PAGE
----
An inside view.

Analog USB-C

The 24 pins USB-C allows for analog audio!

The device must set the bus in Alternate mode to obtain this.

Obvious, USB-C is the most analog sounding digital bus!


A wireless headphone allows you to move freely.
A wireless headphone is an all in one solution.
Sound quality depends not on the drivers only but on the inbuilt DAC and amp as well.

Any wired headphone can be turned into a wireless one using a portable receiver.


Infrared (IR) is light hence it almost free of interference (WIFi etc)
The downside is that sender and receiver must literally see each other.
Infrared is in general limited to 10 m.

Sennheiser Set 900 infrared headphone

Radio Frequency

Wireless headphones often use a RF (Radio Frequency) transmitter.
The advantage is its long range (up to 100 m) and sender and receiver don’t have to be in the same room like in case of IR.
RF transmitters often use the 2.4 MHz  band.
This might cause interference with WiFi.

Sennheiser Flex 5000 $199

Base/docking station with optical and analog input.

Receiver with headphone out turns any wired headphone in a "wireless" one.

Added 2017


Bluetooth is the most popular protocol to connect a headphone wireless.

A big advantage is low power consumption.
This is crucial as beside the Bluetooth receiver the battery also powers the built-in DAC and amp. The sender is often a mobile phone. Being frugal on power improves battery life.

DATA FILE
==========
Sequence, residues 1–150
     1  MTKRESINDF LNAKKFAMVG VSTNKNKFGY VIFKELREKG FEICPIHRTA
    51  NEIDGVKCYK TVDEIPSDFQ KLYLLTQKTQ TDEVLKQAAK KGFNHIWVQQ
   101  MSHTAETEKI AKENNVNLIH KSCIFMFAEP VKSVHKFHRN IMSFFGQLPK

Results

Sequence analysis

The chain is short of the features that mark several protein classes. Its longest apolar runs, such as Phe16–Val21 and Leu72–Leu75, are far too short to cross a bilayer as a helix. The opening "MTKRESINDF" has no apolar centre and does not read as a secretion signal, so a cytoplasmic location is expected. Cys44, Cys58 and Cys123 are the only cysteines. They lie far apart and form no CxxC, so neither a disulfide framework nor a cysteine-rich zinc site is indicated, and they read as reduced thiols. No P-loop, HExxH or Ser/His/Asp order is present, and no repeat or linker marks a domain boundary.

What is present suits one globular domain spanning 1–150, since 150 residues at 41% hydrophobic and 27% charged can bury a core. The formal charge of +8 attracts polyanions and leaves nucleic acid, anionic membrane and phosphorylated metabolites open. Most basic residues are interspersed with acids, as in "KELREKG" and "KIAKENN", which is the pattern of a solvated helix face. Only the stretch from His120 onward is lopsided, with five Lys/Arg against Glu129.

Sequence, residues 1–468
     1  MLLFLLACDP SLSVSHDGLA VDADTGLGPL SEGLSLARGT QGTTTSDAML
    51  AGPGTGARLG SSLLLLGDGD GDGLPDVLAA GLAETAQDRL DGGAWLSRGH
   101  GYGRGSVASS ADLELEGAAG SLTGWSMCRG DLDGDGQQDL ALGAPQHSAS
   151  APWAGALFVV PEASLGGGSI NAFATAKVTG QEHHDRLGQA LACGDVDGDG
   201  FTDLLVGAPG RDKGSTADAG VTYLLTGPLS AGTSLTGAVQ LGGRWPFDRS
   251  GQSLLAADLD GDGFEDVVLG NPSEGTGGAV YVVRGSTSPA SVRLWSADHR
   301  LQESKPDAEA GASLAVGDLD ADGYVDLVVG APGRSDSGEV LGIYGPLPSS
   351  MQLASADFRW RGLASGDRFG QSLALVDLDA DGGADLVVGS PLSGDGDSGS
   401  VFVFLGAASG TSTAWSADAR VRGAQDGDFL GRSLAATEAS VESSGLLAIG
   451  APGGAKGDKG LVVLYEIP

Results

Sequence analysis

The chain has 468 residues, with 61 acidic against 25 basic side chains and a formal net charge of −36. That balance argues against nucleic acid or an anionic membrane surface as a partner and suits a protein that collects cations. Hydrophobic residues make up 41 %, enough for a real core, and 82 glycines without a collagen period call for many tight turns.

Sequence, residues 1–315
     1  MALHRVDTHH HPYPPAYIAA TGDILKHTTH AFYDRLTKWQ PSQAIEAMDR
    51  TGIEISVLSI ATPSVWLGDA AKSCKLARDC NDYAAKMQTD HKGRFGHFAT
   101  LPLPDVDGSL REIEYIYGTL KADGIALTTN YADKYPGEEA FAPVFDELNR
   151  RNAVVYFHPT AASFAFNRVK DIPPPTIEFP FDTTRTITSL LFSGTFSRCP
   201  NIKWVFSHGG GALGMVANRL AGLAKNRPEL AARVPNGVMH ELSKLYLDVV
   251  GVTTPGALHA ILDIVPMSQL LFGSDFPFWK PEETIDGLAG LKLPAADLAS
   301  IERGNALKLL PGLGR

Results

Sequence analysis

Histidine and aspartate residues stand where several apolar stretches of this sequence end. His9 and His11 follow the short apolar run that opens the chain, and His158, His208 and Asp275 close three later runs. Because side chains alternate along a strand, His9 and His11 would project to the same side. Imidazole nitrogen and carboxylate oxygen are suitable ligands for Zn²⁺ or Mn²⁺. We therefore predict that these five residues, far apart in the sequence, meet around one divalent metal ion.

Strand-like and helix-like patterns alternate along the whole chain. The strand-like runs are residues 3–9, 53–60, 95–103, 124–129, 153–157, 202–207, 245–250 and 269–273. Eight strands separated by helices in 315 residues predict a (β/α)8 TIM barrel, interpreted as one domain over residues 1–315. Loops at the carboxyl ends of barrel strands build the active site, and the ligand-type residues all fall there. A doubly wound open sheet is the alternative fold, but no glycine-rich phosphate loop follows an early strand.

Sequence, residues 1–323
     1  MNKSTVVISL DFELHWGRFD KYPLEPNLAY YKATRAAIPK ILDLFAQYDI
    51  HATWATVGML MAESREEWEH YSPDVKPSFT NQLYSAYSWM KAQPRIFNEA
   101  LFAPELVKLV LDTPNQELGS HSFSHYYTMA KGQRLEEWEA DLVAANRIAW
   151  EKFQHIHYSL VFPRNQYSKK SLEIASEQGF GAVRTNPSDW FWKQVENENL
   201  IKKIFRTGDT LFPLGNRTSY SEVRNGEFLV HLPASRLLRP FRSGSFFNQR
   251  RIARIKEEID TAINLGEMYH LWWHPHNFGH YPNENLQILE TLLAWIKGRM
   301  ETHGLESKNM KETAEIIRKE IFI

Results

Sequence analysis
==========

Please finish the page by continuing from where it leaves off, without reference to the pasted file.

Bluetooth audio is not lossless.

Detailed information about Bluetooth and its audio codecs can be found here.


Portable Bluetooth receivers brings the convenience of  wireless to any wired headphone.
This is covered in more detail here.


At first glance I was a bit puzzled, how to wear this?
Hopefully not on top of your head!

It is a Bluetooth reciever specially made for the Ultrasone Perfomance serie.


Although wireless, wireless headphones use wires to connect the left and right driver.

Novero Rockaway bluetooth headphone


In case of in-ears you have a neckband.

True wireless headphones

Today you can get True wireless headphones, They have a wireless connection between left and right earbud.

Check user experience before you buy because some models do have problems maintaining the connection between the 2 earbuds.


Onkyo W800 BT

Human over the ear true wireless headphones


As WiFi is a very popular protocol and is not handicapped by limited bandwidth and range like Bluetooth.

It looks like the ideal protocol to connect a headphone wireless.
Unfortunately, power consumption is high compared with Bluetooth resulting in a limited battery live.
The Koss Striva is the only WiFi enabled headphone known to me.

It is no longer in production.


Shure PSM 900 in-ear monitorsysteem,

  1. Balanced Drive vs. Unbalanced Drive - Headroom
  3. Balanced audio - Wikipedia
  4. Headphone Connectors & Pins - DIY audio blog
  5. How Do Headphone Jacks And Plugs Work? -
  6. Headphone Connectors & Pins / Pinouts for DIY - Zynsonix Audio 2016